Guest Blogger

Kal Penn Closes Out #PLA2022

I found it interesting that Kal Penn brought us back to the concept of Imposter Syndrome this evening as the closing speaker for #PLA2022. Of course, not everyone may have attended the Career Self-Care Session where Erin Collier-Plummer spoke of managing imposter syndrome, but I had and so it struck a chord. Why do so many of us not give ourselves enough credit for being the right person for a job – having the qualifications and the passion to do it and do it well? Hearing Kal Penn’s journey from being a successful actor to serving as Associate Director of White Office for Public Engagement for President Barack Obama was inspiring enough. But after entertaining us with the details, I was surprised to hear Kal Penn talk of Imposter Syndrome – that even this accomplished individual was hesitant about his qualifications. What resonated with me was that it was his…

Guest Blogger

Accessibility of All Sorts #PLA2022

The #PLA2022 Virtual Conference had multiple opportunities to learn more about accessibility, while the conference itself utilized captioning throughout and sign language interpreters for the headline speakers. This struck me as especially pertinent in the week that the movie CODA was recognized for outstanding performances of its cast – many of whom are deaf – and that I am writing a reading response for Cece Bell’s graphic novel El Deafo. Sonia and Scott Norris spoke on Scalable Web Accessibility Training for Library Staff in Every Position. They shared fundamental accessibility components as well as more advanced ones for your library’s web team to utilize. The training should be meaningful and relatable to staff while complying with state laws. Just as we translate library information to a variety of languages, and utilize multiple marketing tools to reach different audiences, we should strive to meet the needs of the members of our…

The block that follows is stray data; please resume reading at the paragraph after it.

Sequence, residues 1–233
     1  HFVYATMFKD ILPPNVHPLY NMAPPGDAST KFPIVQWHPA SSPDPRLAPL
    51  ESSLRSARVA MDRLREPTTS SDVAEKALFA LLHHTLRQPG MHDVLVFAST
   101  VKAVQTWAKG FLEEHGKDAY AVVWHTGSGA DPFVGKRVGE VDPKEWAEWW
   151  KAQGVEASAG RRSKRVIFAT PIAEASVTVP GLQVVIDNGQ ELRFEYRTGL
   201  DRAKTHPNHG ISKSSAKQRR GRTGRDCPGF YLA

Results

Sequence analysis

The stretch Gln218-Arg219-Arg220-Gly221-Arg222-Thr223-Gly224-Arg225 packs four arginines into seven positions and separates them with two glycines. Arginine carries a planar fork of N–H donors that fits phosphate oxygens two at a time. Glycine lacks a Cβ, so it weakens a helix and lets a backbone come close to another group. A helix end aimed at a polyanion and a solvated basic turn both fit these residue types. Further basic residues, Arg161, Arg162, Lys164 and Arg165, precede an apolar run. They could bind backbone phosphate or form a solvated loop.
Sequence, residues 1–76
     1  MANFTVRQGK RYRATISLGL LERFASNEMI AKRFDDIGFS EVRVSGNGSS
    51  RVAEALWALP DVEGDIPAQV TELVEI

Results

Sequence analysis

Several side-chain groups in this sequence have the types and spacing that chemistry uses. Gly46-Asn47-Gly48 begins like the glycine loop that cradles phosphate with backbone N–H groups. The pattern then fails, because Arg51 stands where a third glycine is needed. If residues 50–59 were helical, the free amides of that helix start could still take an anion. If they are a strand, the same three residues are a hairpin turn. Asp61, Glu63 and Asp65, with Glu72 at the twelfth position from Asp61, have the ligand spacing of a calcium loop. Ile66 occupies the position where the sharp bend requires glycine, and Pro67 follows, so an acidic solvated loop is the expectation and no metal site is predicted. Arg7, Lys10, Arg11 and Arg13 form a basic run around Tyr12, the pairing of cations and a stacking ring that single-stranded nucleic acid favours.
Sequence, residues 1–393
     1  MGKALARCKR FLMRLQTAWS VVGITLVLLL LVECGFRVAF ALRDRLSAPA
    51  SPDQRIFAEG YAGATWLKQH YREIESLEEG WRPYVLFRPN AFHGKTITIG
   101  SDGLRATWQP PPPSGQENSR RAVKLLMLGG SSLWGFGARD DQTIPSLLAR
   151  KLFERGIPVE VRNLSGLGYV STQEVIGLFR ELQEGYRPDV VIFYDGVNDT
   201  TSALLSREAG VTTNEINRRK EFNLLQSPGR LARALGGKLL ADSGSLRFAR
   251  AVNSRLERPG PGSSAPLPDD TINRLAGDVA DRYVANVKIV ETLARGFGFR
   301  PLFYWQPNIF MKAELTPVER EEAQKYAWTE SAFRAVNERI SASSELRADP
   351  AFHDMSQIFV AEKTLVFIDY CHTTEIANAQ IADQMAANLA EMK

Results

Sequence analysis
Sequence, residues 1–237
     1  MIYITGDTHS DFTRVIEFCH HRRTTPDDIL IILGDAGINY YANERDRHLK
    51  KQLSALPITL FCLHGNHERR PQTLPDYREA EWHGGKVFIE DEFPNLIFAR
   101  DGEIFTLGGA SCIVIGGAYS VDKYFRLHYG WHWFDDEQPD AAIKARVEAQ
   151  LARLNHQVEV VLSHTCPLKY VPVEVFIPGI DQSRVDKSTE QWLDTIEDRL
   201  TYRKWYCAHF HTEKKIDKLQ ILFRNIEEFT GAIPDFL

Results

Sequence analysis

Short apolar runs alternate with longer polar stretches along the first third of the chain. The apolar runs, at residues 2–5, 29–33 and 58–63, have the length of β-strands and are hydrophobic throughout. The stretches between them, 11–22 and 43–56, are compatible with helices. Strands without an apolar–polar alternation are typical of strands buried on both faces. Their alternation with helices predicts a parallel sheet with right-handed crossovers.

Guest Blogger

The Library’s Role in Equitable College Prep #PLA2022

Not every child who wants to go to college has the monetary resources to help pay for college prep classes and tutors. But the library can step in and help with phenomenal free resources. Aryssa Damron of the DCPL discussed how the library can help high school students find the tools they need to get into college. The most important thing we can do is to update our own knowledge. Things have recently changed! Do you know the top scores for the big tests? The top SAT score is now 1600, and the top ACT score is 36. Take a look through the Common App and the Common Black App and familiarize yourself with the requirements and the schools that each application represents. Evaluating your collection is crucial. Nothing in the physical collection should be older than two years. Your test prep books should be located in a highly visible…

Guest Blogger

Oregon Libraries at #PLA2022

Since Portland is hosting the conference this year, I’d be remiss if I didn’t give shout-outs to some great sessions from library workers in the state. While I’ve lived in Oregon since 2015, there are plenty of libraries I haven’t visited and library workers I haven’t met yet. I’ve really enjoyed networking with colleagues and learning about the wonderful goings-on in our beautiful state.

Collection Development

Freedom of Expression through Zine Making

#PLA2022 inspired me in many ways. Hello… uh, Portland? There’s a reason they say “Keep Portland Weird” and I absorbed as much of it as I could. The food was incredible and the PLA folk, well…the bee’s knees. I had many engrossing conversations with strangers from my tribe and enjoyed everyone’s hair, glasses, and general uniqueness. Powell’s books blew my mind. Every room. Every floor. What a knockout! In addition to the richness of the people and the landscape (and book stores), most inspiring were the PLA programs focused on collections. From guidelines to removing bias and barriers from the nonfiction section, to handling First Amendment audits and requests for reconsideration, the selection of programs were relevant. They arm us with practical tips tools to support intellectual freedom and inclusiveness. As a youth programmer, I am always looking for ways to support youngsters’ intellectual freedom and freedom of expression while…

Guest Blogger

A Librarian’s Blog About: “A Kids Book About”

Marching up and down the Exhibitor’s aisles in search of swag, I stumbled across a booth with a very attractive display of books. They were uniform in color and design, with a minimalist sensibility and an even more eye-catching collection of titles. Some might call these “tough topics”- about racism, body image, cancer, gratitude, anxiety, belonging, creativity, emotions and more. I was drawn in by it all – the clean, graphic book covers and straightforward approach.